From Pimples to Moles: A Website About Dermatology

FAQs About Moles, Mole Checks, And Your Skin

What is a mole and why should a dermatologist examine it? If you have splotches, patches, or raised regions on your skin, you may wonder if they are moles or something else. If you have questions about these marks, take a look at what you need to know about your skin, mole checks, and the services your dermatologist offers.

Are All Moles the Same?

Also known as nevi, these growths may vary in appearance. Moles come in many colors, shapes, sizes, and textures. These differences can make it tricky to accurately identify a mole—in comparison to other skin growths or marks. 

How Many Moles Can You Have?

There's no universal answer to this question or magic number of moles a person could or should have. According to the American Academy of Dermatology (AAD), adults may have between 10 and 40 moles. A larger number (closer to 40 than 10) of moles isn't necessarily a cause for concern. Instead of quantity, pay more attention to the appearance of the lesions.

What Do Skin Moles Look Like?

The moles on your face or body may have a flesh tone or look darker than your skin. Some moles are raised, while others are flat. Along with the color and texture, moles can also vary in size from tiny growths to much larger lesions on the skin.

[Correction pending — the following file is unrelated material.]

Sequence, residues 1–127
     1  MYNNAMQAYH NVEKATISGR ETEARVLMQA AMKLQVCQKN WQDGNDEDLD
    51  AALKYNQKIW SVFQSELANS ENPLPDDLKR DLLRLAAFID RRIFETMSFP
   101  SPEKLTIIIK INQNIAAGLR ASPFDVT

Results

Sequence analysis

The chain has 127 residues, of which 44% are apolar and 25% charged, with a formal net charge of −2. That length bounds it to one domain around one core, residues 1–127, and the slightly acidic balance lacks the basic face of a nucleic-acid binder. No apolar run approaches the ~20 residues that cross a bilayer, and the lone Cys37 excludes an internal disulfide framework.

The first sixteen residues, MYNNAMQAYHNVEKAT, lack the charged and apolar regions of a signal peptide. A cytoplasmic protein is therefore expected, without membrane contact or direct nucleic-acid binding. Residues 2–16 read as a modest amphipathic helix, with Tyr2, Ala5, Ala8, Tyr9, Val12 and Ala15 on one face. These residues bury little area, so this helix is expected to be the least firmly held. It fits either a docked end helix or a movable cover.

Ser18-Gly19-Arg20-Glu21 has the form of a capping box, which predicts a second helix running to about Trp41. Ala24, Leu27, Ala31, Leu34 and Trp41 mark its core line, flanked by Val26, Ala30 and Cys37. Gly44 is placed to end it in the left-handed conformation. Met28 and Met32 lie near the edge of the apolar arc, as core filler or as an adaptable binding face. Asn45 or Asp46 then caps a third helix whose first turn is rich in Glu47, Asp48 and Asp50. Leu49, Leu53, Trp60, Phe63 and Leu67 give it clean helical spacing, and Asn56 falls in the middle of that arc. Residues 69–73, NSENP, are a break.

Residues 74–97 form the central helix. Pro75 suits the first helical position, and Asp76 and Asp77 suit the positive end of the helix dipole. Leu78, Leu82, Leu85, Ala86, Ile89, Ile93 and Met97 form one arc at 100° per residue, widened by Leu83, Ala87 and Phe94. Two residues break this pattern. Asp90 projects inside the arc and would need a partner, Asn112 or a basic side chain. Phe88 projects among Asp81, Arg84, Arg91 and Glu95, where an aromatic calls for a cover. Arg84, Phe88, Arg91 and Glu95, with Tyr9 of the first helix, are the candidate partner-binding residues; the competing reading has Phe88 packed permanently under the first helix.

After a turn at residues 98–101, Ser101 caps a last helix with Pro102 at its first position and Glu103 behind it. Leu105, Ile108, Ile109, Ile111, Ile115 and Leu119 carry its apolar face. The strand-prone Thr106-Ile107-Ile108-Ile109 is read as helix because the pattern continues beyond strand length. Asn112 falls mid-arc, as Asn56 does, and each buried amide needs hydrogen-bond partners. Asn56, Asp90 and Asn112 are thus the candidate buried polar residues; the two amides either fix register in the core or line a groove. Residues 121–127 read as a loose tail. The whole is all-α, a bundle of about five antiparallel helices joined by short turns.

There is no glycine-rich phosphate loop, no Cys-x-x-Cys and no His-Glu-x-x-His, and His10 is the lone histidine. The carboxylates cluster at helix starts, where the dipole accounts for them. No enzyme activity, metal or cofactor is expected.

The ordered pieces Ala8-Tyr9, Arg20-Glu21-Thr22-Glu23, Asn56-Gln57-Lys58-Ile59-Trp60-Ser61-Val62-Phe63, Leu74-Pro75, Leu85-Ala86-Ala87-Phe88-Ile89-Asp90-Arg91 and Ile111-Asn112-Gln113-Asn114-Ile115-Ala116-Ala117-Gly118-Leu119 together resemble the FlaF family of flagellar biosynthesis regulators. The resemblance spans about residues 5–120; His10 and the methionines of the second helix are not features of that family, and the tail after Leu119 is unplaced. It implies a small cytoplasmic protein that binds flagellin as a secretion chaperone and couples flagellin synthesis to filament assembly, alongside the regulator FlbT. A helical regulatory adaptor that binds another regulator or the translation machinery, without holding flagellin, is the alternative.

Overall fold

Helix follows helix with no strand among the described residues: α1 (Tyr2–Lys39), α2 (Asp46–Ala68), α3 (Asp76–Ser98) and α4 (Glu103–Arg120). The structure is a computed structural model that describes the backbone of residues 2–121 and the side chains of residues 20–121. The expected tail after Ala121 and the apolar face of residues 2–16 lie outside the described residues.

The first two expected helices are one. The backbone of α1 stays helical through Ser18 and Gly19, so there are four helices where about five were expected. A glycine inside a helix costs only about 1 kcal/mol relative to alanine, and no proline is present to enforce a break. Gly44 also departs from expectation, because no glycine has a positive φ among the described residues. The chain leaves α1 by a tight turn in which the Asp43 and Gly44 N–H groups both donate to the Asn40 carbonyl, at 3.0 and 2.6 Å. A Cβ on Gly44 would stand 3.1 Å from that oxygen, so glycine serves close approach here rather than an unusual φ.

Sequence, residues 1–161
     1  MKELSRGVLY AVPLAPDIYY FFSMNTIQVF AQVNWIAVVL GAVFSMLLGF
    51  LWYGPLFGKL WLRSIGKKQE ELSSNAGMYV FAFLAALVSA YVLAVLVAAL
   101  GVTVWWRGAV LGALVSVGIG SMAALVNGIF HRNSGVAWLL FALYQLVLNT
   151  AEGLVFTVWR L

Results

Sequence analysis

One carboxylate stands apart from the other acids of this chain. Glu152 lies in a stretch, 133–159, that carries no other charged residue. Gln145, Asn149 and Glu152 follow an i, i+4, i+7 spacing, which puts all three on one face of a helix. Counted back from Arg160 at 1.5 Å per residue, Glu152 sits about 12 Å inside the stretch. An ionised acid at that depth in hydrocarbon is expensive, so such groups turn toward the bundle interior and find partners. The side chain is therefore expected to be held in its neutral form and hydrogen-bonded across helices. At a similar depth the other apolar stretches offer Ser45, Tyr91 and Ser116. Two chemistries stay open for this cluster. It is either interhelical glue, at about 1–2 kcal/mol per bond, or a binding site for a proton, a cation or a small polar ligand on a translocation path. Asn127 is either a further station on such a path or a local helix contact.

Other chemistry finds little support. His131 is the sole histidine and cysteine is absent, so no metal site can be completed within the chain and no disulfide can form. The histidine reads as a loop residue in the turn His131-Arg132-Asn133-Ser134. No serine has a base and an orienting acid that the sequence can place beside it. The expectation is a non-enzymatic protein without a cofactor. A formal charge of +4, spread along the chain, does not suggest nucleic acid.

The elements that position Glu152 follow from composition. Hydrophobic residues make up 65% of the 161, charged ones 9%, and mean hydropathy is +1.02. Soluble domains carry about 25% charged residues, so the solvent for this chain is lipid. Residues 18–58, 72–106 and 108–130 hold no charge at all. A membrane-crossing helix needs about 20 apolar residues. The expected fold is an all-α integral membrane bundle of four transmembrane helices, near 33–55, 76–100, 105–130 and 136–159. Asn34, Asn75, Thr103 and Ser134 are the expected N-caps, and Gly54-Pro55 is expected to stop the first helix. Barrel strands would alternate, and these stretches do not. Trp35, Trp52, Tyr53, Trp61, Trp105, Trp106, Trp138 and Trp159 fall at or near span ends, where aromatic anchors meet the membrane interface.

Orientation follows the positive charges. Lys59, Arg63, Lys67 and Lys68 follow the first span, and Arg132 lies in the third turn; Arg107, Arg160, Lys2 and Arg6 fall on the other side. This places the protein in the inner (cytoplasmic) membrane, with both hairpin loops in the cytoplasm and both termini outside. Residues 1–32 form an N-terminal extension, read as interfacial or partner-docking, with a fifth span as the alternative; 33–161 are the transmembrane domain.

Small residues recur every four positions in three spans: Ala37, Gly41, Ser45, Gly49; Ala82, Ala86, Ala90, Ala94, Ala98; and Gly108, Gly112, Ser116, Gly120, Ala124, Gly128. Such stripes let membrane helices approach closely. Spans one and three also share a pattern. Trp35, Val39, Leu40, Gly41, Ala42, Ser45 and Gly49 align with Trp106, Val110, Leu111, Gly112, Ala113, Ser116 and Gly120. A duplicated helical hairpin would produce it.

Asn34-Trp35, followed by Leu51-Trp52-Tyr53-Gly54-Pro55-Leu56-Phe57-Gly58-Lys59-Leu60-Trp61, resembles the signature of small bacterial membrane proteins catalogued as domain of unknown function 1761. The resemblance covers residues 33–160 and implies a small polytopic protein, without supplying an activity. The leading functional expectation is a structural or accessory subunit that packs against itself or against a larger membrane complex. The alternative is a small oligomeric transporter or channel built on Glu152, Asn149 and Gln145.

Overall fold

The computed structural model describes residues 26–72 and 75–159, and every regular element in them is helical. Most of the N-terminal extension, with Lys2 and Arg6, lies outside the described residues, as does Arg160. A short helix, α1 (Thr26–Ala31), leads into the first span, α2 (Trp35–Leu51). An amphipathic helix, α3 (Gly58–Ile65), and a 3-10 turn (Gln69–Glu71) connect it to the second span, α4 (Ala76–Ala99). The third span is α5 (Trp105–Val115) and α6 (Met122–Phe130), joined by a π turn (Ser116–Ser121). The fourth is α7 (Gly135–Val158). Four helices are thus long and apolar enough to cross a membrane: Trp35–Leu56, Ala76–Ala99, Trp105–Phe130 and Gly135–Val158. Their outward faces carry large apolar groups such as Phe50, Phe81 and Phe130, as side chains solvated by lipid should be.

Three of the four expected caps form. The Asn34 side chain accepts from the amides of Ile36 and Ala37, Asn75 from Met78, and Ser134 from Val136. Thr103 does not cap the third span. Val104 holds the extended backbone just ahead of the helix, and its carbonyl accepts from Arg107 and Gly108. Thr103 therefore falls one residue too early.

What Does An Abnormal Mole Look Like?

Even though one mole may look different from another, some moles have an abnormal type of appearance. An abnormal or atypical mole may suddenly look different or change over time. Red flags to watch for include asymmetry, border shape, color (a change in color or multiple shades in one mole), and diameter. A dermatologist mole check service provides a professional examination of these lesions. If you have concerns about the appearance of your moles, contact your doctor as soon as possible.

What Should You Do If You Have An Abnormal Mole?

Again, a dermatologist should examine any suspicious moles or lesions you have concerns about. The doctor will look for subtle signs you may miss. If necessary, the dermatologist will biopsy the mole or remove it completely. The biopsy can help the doctor to detect melanoma or other forms of skin cancer. If the biopsy is benign, you won't need to treat it. But if it is cancerous, the dermatologist will discuss the best treatment options for your needs.